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Egypt’s Suez Canal sings MoU with the American Bureau of Shipping to boost green transformation

As part of the its efforts to transition into a green canal, Egypt’s Suez Canal Authority (SCA) has signed a memorandum of understanding with the American Bureau of Shipping (ABS) to provide a cooperation framework in the areas of environmental sustainability and de-carbonisation.

The MoU is the result of “fruitful cooperation and discussions” with ABS “to benefit from its long experience in the field of environmental sustainability,” Osama Rabie, the SCA chairman, said.

A statement issued by the SCA on Tuesday quoted Rabie as saying that the signing of the MoU demonstrates the SCA’s environment-friendly strategy that aims to declare the Suez Canal a Green Canal.

The authority is keen to promote cooperation with all organisations in the field of maritime transport and environmental sustainability and de-carbonisation, he added.

The SCA chairman said that the Suez Canal’s green transition had begun before the signing of Tuesday’s memorandum. He was referring to the SCA’s current reliance on clean energy to both operate the pilotage stations along the canal and respond to oil spills.

He also asserted that the recent development project of the canal’s navigational course is a key factor in achieving environmental sustainability as it raised the canal’s efficiency and reduced carbon emissions.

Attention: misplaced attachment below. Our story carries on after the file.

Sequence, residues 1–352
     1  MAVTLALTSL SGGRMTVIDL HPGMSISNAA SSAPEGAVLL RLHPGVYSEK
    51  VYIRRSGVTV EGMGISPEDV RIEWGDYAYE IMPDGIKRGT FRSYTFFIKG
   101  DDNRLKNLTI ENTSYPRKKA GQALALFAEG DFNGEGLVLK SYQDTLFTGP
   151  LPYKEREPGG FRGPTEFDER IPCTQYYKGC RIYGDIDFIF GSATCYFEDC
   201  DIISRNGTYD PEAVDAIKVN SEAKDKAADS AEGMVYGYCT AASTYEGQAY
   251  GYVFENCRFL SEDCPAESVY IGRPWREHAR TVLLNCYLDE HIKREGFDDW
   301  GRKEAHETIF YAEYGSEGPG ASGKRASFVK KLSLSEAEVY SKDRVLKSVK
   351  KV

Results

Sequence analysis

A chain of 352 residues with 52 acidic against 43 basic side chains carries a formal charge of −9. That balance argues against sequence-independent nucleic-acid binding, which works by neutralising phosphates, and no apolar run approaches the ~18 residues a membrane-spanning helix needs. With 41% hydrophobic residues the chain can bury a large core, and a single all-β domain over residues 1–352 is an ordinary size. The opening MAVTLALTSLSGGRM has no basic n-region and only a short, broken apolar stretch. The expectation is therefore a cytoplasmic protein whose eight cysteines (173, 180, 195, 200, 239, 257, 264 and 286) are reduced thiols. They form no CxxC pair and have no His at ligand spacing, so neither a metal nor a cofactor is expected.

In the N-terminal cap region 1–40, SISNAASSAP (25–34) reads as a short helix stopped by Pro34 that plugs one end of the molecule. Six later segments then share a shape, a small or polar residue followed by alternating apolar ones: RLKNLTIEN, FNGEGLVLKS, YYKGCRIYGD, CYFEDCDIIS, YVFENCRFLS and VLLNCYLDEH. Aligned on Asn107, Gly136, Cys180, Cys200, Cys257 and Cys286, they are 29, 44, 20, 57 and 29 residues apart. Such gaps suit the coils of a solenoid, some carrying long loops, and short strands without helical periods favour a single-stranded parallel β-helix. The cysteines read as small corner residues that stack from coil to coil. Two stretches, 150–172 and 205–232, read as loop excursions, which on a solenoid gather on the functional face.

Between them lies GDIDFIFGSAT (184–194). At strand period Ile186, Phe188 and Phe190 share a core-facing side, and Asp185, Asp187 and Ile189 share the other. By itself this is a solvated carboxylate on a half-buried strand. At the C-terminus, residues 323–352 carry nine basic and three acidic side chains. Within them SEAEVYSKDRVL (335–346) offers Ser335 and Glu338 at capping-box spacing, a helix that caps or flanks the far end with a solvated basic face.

The authority had previously stated that work was underway to convert the SCA’s navy so that it runs on natural gas. The SCA also said that it encourages its customers to utilise environmentally friendly fuels through a package of incentives that includes providing ships with Liquid Natural Gas (LNG) and applying environmental safety standards.

The Egyptian government has been reviewing various offers submitted by international companies to establish green hydrogen projects in the Suez Canal Economic Zone (SCZone). These offers come at a time when the country is seeking to localise the production of the clean-burning fuel.

Turning the 72-kilometre-long Suez Canal — the world’s longest man-made canal without locks — into a “green route” aligns with the country’s ambitious plans to become a transit route for clean energy.
Source: Ahram Online

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